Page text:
Northern Irish firm Gilbert-Ash will start on site next year

Tate Liverpool has appointed Gilbert-Ash to carry out its £29.75m revamp of its gallery in Royal Albert Dock. 

Designed by 6a architects, the plans to redevelop the grade-I listed museum were granted planning permission and listed building consent in October. 

The 19th century warehouse has been home to the Tate Liverpool art gallery since 1988, when it was opened after being transformed by the late James Stirling. 


Source: 6a

The Tate has been at its Liverpool base since 1988

Its upcoming redevelopment includes a new public ‘art hall’ on the ground floor, which will be opened to up to admit daylight and views across the historic dock.  

New gallery spaces over three floors will be interspersed with public riverside foyers. 

Gilbert-Ash recently completed work on the Jamie Fobert Architects and Purcell-designed National Portrait Gallery refurbishment. 

The Belfast-based contractor has also worked on other celebrated cultural jobs, including the Stirling Prize winning Everyman Theatre in Liverpool, Battersea Arts Centre and Bristol Old Vic.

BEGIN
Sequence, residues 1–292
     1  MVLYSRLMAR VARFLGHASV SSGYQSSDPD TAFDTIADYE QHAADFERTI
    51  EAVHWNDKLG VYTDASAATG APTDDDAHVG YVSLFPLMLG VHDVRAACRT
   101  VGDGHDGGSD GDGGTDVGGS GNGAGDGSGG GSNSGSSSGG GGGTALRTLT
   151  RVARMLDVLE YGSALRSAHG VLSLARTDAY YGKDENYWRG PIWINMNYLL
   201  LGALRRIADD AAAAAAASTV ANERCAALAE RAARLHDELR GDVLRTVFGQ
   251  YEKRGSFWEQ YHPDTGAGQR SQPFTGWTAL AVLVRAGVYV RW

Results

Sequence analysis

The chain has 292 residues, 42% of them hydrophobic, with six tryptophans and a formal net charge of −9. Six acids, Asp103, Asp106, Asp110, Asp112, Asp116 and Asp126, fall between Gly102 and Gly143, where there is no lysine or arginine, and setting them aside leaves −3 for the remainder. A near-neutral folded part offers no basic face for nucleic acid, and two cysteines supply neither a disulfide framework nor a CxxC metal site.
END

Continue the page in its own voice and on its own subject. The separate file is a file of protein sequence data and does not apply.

>> Has the National Portrait Gallery refurbishment been a success? 

Emma King, capital director at Tate, said: “Gilbert-Ash’s track record of working to the highest standards on both cultural and heritage buildings makes them the perfect contractors to deliver the reimagined Tate Liverpool.  

“We look forward to collaborating with the architects and contractors to deliver this once-in-a-generation renewal, creating an art museum fit for the 21st century.” 

Gilbert-Ash’s project director Rodney Coalter, who recently completed the National Portrait Gallery job, will head up the team, which is already in place and finalising plans to deal the logistical and technical challenges ahead of starting on site in early 2024. 

It comes as Liverpool City Council seeks a team of planning and placemaking consultants to design a masterplan for the city’s waterfront over the next 15 years, and after the announcement of plans for a new partnership to jump-start regeneration across Liverpool and after  

Funds for the Tate Liverpool redevelopment have come partly from the central government’s Levelling Up Fund (£10m) and the DCMS Public Bodies Infrastructure Fund (£6.6m), as well as the Liverpool City Region Combined Authority. 

Environmental standards and thermal performance will be significantly improved with new services replacing fossil fuel, with renewables and natural ventilation introduced to the building to ensure better energy performance.